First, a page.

ASMS considers there is enough headroom in the Government’s coffers for it to increase the pharmaceutical budget so that PHARMAC can address unmet need and support all New Zealanders to live longer and have improved quality of life. ASMS’ submission can be found on our website:

Readying for legalised euthanasia T

wo specialists have been appointed to a new statutory body that has been established as New Zealand prepares for the legalisation of euthanasia.

From 7 November this year, people who experience unbearable suffering from a terminal illness will be able to legally ask for medical assistance to end their lives. It comes a year after the 2020 referendum on the End of Life Choice Act 2019. The Act sets out the legal framework and a high-level process for accessing assisted dying, including strict eligibility criteria and safeguards. Assisted dying will be an entirely new service within the health and disability system. Two doctors must deem a person eligible before the assisted dying process is allowed to go ahead. Under the Act, if either doctor is unsure of the person’s ability to make an informed decision, a third opinion from a psychiatrist is required. The Support and Consultation for End of Life in New Zealand group (SCENZ) has been appointed by the Director General of Health. The 11-person group is charged with maintaining and providing a list of medical practitioners and psychiatrists involved in providing assisted dying services. It will also support the development of the standards of care for medicines as part of the implementation of the new law. The members are all currently practising health professionals. The two specialists on the group are Dr Michael Austen, a Wellington-based physician in occupational and environmental medicine and urgent care, and Dr Gary Cheung, who is currently a specialist old age psychiatrist working at the University of Auckland and Auckland DHB. Another statutory body, the End of Life Review Committee, which will report on compliance with the Act, is expected to be appointed by the Minister of Health around October. 24 THE SPECIALIST | SEPTEMBER 2021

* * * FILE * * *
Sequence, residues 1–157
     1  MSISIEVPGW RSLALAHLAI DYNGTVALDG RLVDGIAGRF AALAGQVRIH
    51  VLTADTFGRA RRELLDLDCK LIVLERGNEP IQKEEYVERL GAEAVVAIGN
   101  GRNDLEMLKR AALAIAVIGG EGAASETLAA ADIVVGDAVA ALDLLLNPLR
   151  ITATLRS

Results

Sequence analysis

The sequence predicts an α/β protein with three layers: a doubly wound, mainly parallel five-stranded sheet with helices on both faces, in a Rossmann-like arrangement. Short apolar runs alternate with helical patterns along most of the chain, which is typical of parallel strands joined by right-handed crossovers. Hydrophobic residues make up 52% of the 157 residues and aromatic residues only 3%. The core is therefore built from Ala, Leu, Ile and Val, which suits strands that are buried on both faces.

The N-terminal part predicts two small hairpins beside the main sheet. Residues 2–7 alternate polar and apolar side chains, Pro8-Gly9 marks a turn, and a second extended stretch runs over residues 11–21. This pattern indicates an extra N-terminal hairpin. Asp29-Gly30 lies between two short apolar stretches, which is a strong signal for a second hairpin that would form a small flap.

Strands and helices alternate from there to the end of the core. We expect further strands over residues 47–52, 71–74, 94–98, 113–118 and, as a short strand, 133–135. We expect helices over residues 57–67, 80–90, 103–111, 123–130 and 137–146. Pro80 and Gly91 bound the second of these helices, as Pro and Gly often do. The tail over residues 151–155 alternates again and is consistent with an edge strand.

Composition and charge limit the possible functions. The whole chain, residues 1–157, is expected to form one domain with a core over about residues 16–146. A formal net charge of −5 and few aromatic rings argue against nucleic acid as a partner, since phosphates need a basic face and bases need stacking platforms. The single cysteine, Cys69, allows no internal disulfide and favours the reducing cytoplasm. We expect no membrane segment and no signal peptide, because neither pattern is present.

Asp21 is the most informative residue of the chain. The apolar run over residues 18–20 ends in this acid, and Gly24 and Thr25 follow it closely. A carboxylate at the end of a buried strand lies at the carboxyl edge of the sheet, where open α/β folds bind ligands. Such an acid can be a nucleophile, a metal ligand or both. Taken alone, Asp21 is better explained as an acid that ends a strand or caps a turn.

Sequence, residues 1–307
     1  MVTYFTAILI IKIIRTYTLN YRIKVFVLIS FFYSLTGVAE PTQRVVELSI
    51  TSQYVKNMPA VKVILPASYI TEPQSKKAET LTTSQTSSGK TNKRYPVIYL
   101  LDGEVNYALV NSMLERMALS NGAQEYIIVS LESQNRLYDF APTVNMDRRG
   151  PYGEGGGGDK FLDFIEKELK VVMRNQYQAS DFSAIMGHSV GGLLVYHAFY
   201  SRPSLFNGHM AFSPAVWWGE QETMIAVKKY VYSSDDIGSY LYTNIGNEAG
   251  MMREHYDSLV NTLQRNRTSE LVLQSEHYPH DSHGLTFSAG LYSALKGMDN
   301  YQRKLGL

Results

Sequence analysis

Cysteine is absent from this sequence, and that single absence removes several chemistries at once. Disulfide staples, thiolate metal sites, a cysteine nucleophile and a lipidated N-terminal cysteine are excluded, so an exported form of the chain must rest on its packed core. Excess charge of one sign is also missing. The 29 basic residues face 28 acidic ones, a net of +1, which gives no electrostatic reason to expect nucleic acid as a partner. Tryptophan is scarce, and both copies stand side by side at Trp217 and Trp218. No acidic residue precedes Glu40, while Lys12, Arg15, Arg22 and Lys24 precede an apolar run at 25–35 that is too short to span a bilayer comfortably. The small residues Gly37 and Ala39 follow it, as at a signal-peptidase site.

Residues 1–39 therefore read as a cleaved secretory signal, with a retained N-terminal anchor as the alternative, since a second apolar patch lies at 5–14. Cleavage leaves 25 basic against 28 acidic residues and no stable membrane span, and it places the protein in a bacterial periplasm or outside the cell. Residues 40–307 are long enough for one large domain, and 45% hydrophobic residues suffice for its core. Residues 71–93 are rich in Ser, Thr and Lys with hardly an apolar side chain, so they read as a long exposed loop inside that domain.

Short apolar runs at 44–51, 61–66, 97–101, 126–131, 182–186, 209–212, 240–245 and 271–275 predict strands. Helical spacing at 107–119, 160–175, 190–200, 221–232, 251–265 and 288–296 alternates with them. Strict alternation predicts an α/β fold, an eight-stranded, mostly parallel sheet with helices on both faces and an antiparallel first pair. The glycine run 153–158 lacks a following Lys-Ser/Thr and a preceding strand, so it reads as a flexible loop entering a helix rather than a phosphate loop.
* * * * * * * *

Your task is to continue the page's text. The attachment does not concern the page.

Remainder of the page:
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Conference remits If you have any items, you would like formally cons idered or voted on at annual confer ence, please get them in by 24 O ctober. All remits must be in writing and can be sent to conference@

Annual Conference going virtual vid outbreak and the Sadly, due to the latest Co , the 33rd ASMS Annual risk of further disruption ual event. Disappointing Conference will be a virt we know! eting on 25 November. There will be a one-day me address by the Health It will include an AGM, and speakers. Minister, along with guest istration forms are The programme and reg Those who have te. bsi we available on our rest will automatically already expressed an inte . be sent a registration link